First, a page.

2021 Playoffs: East First Round | Nets vs. Celtics

Nets dispatch Celtics in Game 5 with ruthless efficiency

Brooklyn advances to play Milwaukee in the conference semifinals, pitting the No. 1 offense vs. the No. 1 defense of these playoffs.

Game 5 Recap: Nets 123, Celtics 109

The Brooklyn Nets took care of business on Tuesday night, finishing off their first-round series against the Boston Celtics with a 123-109 victory in Game 5. They probably let the Celtics (missing three starters for a second straight game) hang around for too long, but got the separation they needed with a remarkably efficient fourth quarter.

Here are three numbers to know about the Nets as they get ready for the Eastern Conference semifinals, where they will face the Milwaukee Bucks in a series that starts Saturday in Brooklyn.

Historically efficient offense

The stat: Over five games against the Celtics, the Nets scored 128.0 points per 100 possessions.

The context: That was the most efficient offense for any team in any series in the 25 years for which we have play-by-play data (362 total series through Tuesday).

Most efficient playoff series, since 1997

Team Year Round Opponent Games OffRtg
Brooklyn 2021 First round Boston 5 128.0
Cleveland 2018 Conf. semis Toronto 4 126.7
Cleveland 2017 Conf. finals Boston 5 126.7
Orlando 2010 Conf. semis Atlanta 4 124.0
Phoenix 2005 First round Memphis 4 123.3

OffRtg = Points scored per 100 possessions

The Nets were coming off the most efficient regular season in NBA history, where they scored 117.3 points per 100 possessions, even though Kevin Durant, James Harden and Kyrie Irving played together in only eight of their 72 games. And with all three stars playing all five games, the Nets have had the most improved offense in the first round, seeing a jump of 10.3 per 100 from the regular season.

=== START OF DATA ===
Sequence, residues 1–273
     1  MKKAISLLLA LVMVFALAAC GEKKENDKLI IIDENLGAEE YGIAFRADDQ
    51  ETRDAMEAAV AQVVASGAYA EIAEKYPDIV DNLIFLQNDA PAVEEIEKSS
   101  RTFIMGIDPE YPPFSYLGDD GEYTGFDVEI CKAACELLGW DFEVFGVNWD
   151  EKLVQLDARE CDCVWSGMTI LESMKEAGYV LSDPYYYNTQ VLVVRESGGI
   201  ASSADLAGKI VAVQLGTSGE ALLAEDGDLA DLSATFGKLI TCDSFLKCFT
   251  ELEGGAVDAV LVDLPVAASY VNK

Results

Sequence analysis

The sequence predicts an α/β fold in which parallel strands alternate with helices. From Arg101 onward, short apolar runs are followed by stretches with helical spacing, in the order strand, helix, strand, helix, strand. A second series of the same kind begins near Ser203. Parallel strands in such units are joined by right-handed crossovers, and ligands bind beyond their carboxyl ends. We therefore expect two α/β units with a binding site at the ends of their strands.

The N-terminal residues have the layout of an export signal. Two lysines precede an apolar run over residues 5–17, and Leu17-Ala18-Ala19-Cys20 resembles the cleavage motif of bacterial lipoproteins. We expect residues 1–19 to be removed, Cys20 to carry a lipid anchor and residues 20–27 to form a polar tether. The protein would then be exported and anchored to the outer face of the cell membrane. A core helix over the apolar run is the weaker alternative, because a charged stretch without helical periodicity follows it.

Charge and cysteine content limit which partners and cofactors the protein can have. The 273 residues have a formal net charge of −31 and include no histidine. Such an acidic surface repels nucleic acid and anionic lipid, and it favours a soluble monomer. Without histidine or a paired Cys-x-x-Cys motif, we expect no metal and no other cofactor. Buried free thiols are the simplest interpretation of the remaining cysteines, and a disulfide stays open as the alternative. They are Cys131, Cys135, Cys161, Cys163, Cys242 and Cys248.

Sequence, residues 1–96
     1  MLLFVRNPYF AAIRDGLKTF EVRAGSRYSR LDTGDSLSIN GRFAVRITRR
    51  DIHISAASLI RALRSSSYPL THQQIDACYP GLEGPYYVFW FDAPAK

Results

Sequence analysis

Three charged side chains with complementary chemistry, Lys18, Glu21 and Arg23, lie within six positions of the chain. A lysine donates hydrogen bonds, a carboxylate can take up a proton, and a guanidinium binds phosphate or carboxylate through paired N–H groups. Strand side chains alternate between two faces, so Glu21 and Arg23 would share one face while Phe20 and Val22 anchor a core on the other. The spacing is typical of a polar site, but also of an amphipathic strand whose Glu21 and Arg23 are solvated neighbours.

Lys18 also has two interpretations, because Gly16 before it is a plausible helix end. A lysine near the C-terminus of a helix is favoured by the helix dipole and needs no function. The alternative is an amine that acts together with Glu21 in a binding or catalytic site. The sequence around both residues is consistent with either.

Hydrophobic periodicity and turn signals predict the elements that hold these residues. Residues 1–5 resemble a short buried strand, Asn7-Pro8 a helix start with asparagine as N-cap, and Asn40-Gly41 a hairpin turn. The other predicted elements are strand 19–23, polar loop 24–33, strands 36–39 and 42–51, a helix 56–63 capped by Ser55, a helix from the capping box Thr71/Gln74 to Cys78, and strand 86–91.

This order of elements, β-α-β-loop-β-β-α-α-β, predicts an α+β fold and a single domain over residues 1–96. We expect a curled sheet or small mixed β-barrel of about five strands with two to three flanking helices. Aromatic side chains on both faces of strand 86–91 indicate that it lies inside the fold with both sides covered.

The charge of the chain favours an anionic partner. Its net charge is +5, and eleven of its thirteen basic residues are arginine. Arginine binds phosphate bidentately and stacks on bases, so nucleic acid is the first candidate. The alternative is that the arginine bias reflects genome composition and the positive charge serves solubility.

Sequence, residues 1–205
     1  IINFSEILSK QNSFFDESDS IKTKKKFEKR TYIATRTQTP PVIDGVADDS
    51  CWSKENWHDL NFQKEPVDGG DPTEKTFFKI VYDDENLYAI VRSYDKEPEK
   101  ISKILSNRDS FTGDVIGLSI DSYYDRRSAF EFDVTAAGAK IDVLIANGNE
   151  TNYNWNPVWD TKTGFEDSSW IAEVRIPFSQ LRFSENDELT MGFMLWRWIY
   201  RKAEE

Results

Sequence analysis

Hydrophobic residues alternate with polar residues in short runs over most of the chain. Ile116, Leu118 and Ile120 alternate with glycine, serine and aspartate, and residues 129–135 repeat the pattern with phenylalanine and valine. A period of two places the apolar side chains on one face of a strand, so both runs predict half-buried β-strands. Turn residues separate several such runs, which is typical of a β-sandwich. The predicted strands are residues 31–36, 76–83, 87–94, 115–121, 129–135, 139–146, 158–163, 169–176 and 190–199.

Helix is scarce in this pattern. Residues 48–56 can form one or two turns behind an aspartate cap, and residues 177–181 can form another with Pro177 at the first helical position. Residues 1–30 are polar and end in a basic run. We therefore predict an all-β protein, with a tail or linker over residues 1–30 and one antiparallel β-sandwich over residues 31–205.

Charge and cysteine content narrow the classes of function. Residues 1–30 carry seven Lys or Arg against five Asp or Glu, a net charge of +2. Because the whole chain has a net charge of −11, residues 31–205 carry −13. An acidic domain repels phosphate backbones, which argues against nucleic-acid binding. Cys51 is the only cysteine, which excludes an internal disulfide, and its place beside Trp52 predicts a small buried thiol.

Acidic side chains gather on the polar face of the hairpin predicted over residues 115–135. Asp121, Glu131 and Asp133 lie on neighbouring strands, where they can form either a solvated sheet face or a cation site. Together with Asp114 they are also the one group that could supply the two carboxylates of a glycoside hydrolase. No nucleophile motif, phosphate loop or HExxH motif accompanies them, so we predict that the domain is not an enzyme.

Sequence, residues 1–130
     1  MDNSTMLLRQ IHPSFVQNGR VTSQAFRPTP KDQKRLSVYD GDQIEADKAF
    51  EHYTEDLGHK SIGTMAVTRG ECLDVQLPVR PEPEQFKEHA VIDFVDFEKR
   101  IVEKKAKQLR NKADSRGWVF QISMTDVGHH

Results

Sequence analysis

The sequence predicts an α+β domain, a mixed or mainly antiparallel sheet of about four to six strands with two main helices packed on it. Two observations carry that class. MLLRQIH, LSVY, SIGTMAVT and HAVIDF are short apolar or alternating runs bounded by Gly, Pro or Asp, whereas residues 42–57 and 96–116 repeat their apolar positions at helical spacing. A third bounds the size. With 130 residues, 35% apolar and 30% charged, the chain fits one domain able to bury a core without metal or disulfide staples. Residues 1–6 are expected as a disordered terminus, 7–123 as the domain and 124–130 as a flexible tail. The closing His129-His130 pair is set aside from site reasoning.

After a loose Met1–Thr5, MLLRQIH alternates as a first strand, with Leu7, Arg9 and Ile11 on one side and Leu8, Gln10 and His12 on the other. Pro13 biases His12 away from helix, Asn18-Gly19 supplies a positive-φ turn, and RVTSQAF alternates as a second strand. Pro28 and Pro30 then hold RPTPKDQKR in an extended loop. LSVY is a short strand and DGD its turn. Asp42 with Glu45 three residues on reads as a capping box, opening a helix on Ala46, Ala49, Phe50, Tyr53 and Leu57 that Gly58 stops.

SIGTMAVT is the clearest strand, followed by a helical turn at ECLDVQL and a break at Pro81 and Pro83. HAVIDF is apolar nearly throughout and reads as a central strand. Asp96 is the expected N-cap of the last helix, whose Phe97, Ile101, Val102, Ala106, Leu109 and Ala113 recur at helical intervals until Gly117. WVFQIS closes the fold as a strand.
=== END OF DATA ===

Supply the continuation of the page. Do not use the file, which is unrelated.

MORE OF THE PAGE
The Nets led the shorthanded Celtics by just seven points after the third quarter of Game 5.. And then they scored 34 points on their first 16 possessions of the fourth, barely needing to run any offense. At one point, Durant, Irving and Harden hit 3-pointers from the same spot on the floor on three consecutive possessions. Durant’s came on an isolation against Tristan Thompson, Irving’s came in transition, and Harden’s came on another isolation against Marcus Smart.

James Harden, Kevin Durant and Kyrie Irving piled up a combined 83 points in the Game 5 clincher.

Though the Nets have three of the best isolation players in the world, switching screens and letting them play one-on-one seemed to be better for the Celtics than playing more standard pick-and-roll defense or bringing two defenders to the ball. If the situation called for it, the Nets’ stars were willing to move the ball and find the open man.

The Bucks will be a much tougher defensive team than Boston. In their first round sweep, the Bucks held the Miami Heat to just 95.4 points per 100 possessions, the lowest mark for any team in any series in the last five years. So it will be the No. 1 offense and the No. 1 defense of the first round going head to head.

Defensive issues